Instead, I wrote through my pain, my fear for this world, my worry for my Black friends – are they sleeping? Are they eating? Are they crying? Are they hurting? Do they know how much they are loved? Are they able to protect their children from this world? Does Nia know what it is happening? Is Tre okay? Yes, my dear, childhood friends from Spring Valley, NY of course I was thinking of you.

On June 1-2, I was struggling to focus at work. Unfortunately, I work with a lot of human-robots and the culture is such that the subject of George Floyd was AVOIDED at the exact moment that I needed To Be Seen. As such, I went into triage mode and did everything I needed to do to take care of myself. This came from years of training and it was time to turn everything I learned into action.

I reached out for help. I reached out to anyone who would respond. I needed to be acknowledged and seen. It’s the basic human need. It’s Ground Zero for me. To ask for help and to receive it. To be seen is the first step to feeling safe.

It is not a coincidence that the person who had the most impact on June 2nd and the weeks after is a seasoned teacher. Their instinct is to, in an instant, help. It’s what they do. Thank you, Stacey, for also diving in. A Facebook message on June 2nd…a sewing machine…”Have your ever written a play?”, a reading on Google Meetup, TP, a logo, a song, a road trip, a Timeline, a Believer, a Creative Spirit, a friendship I now adore.

I was not OK on June 2nd. I couldn’t breathe. I was scared. I felt like my brain was on fire. I felt the world around me exploding. I saw images of people in city after city after city expressing what I know is decades of systemic and socially constructed trauma.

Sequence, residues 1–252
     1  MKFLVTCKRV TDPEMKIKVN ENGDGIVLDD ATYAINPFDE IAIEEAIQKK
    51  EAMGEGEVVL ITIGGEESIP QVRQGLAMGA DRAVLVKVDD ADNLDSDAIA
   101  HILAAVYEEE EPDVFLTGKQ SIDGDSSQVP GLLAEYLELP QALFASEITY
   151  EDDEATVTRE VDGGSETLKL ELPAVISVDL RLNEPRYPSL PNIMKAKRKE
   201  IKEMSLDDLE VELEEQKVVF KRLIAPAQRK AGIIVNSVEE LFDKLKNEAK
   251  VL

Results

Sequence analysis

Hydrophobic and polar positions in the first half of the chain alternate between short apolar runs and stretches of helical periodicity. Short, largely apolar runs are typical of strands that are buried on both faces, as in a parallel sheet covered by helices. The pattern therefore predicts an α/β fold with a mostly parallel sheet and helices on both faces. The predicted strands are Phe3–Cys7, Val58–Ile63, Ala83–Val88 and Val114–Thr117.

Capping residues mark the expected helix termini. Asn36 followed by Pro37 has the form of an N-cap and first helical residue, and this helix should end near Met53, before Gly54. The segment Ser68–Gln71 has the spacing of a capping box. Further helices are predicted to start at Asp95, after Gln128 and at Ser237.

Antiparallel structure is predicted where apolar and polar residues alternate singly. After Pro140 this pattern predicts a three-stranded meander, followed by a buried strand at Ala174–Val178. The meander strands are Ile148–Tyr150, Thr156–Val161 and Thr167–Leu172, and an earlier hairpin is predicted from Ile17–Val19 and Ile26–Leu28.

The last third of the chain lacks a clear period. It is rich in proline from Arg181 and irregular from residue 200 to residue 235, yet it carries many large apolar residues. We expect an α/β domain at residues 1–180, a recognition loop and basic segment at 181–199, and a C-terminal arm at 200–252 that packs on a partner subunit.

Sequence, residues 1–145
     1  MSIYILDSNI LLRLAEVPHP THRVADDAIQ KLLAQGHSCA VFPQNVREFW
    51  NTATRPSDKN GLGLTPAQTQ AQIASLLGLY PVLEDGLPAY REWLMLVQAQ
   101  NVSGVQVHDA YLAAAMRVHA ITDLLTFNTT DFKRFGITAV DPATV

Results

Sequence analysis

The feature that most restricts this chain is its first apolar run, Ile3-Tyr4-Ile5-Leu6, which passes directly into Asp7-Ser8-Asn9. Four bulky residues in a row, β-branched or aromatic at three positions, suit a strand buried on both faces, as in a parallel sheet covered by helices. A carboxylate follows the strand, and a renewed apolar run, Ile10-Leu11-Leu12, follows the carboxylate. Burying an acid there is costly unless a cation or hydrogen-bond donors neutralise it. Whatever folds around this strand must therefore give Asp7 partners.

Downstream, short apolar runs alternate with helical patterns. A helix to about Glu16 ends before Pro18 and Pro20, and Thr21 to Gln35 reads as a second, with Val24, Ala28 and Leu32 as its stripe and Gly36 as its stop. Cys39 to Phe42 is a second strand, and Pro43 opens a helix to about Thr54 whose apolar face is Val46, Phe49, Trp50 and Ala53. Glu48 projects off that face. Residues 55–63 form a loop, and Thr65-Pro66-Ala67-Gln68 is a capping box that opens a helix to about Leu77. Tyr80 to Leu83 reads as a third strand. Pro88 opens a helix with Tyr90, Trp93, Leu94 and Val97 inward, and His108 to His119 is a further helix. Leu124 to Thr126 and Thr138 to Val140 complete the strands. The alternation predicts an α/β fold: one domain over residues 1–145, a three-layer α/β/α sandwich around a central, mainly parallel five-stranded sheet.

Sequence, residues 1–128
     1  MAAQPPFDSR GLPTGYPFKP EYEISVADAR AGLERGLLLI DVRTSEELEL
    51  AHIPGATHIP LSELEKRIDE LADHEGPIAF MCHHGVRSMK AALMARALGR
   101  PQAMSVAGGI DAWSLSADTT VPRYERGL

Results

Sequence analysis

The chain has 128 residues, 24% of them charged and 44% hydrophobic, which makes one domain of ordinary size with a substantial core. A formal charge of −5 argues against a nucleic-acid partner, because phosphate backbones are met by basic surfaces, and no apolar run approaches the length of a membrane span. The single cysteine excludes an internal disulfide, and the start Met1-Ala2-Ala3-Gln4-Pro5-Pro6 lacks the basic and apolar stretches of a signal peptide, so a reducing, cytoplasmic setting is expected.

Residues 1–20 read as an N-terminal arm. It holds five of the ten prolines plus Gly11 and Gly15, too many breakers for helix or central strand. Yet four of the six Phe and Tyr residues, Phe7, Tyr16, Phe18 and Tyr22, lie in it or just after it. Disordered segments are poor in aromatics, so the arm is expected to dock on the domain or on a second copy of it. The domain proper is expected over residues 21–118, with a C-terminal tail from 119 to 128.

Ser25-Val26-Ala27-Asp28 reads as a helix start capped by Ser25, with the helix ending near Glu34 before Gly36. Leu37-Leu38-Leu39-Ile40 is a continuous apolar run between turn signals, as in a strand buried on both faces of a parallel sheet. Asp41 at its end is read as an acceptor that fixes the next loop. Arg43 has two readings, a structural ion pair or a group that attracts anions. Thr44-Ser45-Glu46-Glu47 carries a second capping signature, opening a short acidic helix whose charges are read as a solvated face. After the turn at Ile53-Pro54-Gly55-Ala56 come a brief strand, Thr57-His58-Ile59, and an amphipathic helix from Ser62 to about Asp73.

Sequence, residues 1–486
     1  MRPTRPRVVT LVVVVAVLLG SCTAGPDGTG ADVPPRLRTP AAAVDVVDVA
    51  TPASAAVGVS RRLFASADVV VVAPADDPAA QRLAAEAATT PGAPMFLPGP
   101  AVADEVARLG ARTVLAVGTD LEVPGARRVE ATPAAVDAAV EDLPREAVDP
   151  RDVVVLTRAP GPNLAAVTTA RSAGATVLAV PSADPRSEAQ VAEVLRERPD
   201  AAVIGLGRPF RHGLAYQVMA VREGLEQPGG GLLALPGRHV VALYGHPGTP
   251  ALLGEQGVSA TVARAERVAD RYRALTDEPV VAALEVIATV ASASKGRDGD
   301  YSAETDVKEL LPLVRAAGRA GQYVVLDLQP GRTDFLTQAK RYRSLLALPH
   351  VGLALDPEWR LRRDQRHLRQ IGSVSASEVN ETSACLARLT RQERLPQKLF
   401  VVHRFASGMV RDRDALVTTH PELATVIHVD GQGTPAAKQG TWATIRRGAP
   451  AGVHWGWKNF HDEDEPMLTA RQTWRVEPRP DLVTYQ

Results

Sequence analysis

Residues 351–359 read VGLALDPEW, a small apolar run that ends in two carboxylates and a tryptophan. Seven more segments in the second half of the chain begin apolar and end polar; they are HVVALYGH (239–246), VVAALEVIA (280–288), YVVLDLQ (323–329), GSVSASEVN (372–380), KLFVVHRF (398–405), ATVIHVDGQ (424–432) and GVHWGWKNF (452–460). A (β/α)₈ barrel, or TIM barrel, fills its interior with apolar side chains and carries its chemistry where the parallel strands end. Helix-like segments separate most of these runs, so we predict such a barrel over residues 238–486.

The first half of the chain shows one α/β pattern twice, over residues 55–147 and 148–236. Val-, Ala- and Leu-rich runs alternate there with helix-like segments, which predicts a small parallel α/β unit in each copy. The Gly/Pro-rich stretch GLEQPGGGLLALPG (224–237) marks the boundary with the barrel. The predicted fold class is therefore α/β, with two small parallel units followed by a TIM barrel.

Many people saw riots. I saw pain. Many people saw looting. I saw desperation. Many people saw fires. I saw cries for help.

So, on June 3rd, I got to work. I wrote. I wrote until I figured out what I wanted to do: Inspire, create and sustain change at a larger scale than just my circle of friends. I wanted and needed it to be bigger.

It’s been a work in progress but every week, I nurture it. In the early mornings and the quiet evenings after work, I sneak in an hour or two to write. I go places I don’t want to go. I feel things I don’t want to feel. During the weekends, I have a longer stretch to do things. If anyone is wondering how I am doing this, that’s how. It’s called doing the work that needs to be done.

The Give Back Experience has largely existed solely on Facebook, Instagram, and in private messages and calls, with our small but powerful network of friends. This week, we are preparing the runway to do further outreach and expand our efforts wider and deeper. The 501(c)(3) process unfortunately takes months not weeks so we’ve had to operate within that reality. But I was told to be patient, do the work, build the base first, don’t wait, go, do, articulate your mission, and most of all stay true to yourself: Believe

We are only getting started. We haven’t used our best weapons yet. We haven’t made the big asks yet. We are not operating at full capacity…on purpose. We are pacing ourselves. We are taking care of ourselves. We are allowing us to figure this out. We are here for each other. We are practicing. And we are getting stronger every day.

This is The Give Back Experience. xoxo